Both candidates for Villa Park village president were involved in an agreement last year that ended the tenure of former police Chief John Heidelmeier.
But as their campaigns heat up, the candidates say they can't discuss the chief's departure.
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One of the candidates is Heidelmeier himself, who is running against Trustee Deborah Bullwinkel in the April 9 election.
The candidates spelled out their plans for leading Villa Park into the future, including ideas about how to improve policing and decrease crime, during an endorsement interview with the Daily Herald. But both said they could not discuss the January 2012 agreement that ended Heidelmeier's employment.
"We can't comment on that. We've agreed to not comment on that," Heidelmeier said.
Heidelmeier, 50, retired a year ago after working 23 years with the Villa Park Police Department, where he rose from patrol officer to serve as chief for almost two years. He says he is a proven leader with a talent for building relationships and rallying groups around a shared vision.
"I really believe it's about building relationships with people," Heidelmeier said about the role of village president. "I like to instill an inspired vision. I like to get people together -- that's why you pool your ideas -- because then it's no longer just my idea, it's our idea. And you take that idea and you move it forward together."
Bullwinkel, a 44-year-old self-employed communications consultant, paints herself as an "inclusive leader" and "big-picture thinker" who wants to create a detailed plan for progress and keep the community informed.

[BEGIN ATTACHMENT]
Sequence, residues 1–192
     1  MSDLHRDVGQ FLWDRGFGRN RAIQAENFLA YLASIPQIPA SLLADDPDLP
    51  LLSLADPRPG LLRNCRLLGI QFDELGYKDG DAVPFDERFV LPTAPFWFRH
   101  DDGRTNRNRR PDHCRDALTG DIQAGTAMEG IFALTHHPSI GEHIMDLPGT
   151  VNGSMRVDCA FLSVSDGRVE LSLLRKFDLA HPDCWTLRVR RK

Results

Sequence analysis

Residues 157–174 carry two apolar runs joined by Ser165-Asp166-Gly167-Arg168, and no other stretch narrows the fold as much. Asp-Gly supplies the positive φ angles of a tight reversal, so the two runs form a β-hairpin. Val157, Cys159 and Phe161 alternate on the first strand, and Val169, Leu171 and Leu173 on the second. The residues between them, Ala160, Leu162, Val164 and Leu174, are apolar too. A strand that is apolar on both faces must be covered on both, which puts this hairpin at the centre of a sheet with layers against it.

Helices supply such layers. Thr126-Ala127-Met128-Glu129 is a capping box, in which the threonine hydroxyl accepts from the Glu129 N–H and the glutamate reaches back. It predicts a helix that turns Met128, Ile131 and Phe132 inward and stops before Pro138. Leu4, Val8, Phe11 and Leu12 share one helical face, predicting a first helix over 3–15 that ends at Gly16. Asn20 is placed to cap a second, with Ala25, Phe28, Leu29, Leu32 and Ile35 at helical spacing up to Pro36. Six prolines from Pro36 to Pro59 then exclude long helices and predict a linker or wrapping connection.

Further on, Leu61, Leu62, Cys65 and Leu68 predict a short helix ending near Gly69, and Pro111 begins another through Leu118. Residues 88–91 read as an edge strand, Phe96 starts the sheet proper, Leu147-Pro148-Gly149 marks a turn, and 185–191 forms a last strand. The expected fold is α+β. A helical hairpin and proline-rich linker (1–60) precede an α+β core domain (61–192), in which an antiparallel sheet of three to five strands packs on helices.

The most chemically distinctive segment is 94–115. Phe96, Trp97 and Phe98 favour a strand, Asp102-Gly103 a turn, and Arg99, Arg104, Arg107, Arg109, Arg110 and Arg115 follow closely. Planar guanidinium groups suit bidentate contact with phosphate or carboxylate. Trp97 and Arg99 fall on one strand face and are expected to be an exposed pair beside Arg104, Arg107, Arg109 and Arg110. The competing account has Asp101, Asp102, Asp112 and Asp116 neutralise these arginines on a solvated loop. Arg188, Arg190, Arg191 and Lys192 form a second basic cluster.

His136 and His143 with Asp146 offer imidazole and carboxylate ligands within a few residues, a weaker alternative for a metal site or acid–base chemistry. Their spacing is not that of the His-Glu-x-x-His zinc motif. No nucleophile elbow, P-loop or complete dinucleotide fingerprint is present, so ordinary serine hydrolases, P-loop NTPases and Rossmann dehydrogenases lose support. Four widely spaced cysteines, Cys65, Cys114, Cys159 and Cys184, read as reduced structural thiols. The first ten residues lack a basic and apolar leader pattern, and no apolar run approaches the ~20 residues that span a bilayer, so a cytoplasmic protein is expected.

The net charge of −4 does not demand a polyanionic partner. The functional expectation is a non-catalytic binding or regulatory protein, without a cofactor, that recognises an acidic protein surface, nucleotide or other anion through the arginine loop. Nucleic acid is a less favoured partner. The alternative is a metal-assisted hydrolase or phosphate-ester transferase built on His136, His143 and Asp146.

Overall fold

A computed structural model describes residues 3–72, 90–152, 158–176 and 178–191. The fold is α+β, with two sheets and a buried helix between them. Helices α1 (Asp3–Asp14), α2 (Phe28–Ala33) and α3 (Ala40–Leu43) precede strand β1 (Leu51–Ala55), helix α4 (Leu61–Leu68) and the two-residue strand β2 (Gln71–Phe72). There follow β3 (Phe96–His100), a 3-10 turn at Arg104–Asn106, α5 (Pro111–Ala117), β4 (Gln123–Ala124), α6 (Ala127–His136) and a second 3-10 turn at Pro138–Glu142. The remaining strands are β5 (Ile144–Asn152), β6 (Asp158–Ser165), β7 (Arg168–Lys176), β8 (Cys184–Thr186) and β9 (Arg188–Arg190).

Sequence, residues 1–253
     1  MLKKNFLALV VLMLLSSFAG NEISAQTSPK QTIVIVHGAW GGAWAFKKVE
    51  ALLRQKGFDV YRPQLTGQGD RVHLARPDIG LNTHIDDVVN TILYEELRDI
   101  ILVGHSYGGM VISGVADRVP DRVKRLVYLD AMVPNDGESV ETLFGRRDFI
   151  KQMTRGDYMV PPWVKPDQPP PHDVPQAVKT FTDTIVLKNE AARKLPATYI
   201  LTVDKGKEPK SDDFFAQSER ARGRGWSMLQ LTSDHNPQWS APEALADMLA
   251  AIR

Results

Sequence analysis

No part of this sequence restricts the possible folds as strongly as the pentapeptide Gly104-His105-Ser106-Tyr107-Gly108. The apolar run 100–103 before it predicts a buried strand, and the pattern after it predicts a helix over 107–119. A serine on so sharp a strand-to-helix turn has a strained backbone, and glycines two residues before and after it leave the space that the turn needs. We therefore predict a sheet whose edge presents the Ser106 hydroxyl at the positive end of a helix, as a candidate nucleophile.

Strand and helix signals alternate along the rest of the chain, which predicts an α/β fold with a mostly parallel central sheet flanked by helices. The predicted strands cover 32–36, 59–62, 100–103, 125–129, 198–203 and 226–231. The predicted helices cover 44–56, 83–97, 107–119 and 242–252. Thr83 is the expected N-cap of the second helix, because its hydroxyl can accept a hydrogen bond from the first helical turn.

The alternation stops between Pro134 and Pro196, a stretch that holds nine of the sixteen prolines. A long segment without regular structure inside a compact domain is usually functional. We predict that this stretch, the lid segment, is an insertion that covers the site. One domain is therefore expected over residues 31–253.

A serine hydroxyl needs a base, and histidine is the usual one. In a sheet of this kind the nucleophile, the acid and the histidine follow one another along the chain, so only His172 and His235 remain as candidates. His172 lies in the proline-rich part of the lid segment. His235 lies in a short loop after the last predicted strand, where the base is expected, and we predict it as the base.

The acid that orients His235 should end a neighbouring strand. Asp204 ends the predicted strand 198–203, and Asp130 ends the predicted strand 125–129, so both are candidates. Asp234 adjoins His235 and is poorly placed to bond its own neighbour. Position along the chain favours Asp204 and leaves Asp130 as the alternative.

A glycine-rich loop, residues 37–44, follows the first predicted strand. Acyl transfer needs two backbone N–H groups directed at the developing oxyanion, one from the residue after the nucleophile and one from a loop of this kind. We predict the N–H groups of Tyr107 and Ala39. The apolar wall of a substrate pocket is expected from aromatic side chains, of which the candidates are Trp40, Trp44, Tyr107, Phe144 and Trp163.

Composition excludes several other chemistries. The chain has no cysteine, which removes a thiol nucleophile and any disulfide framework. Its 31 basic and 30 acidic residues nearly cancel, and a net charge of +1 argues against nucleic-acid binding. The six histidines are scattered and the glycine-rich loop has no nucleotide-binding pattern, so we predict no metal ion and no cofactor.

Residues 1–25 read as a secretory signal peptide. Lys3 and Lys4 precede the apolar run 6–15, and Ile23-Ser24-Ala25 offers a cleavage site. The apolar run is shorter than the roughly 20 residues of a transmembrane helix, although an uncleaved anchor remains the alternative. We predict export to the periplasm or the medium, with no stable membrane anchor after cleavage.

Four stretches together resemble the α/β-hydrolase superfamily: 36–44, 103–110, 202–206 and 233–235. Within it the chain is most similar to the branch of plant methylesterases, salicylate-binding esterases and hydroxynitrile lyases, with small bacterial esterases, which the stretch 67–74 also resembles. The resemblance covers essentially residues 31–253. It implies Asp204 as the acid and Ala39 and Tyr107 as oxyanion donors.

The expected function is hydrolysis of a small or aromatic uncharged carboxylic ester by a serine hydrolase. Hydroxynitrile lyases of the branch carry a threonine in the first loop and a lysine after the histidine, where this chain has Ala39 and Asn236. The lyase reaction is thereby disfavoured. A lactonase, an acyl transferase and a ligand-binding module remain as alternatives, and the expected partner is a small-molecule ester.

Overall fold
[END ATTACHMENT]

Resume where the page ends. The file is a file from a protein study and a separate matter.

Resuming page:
"At every meeting, I ask for an update, or I give an update, or I provide information on what's going on with the village," Bullwinkel said. "I'm known as the 'update trustee.' I will continue to do that as president."
Bullwinkel said police should show their faces around the community more often, reworking operations to involve more patrols around the train station on foot, bike, and even on Segways if grant funding can be found.
"I would encourage the police to be out there more often -- not as reactive, but more proactive in their approach," Bullwinkel said. "I think we can do a little bit better. I think visibility is the key."
Heidelmeier said visible, proactive policing already was practiced during his time as chief. He said patrol officers were saturating some areas so often business owners knew them by first name. A zero-tolerance policy he implemented for crimes around the train station gave officers the power and responsibility to "focus on arresting the bad guy," he said.
"We were moving in the right direction in this area," he said. "This is an area that has to be fixed now that really shouldn't be."
Bullwinkel said she would work with Villa Park's current top cop, former Darien Chief Robert Pavelchik, to find ways to increase to increase police visibility and patrols without paying too much overtime.
Heidelmeier and Bullwinkel are competing in the April 9 election for a 4-year term as village president.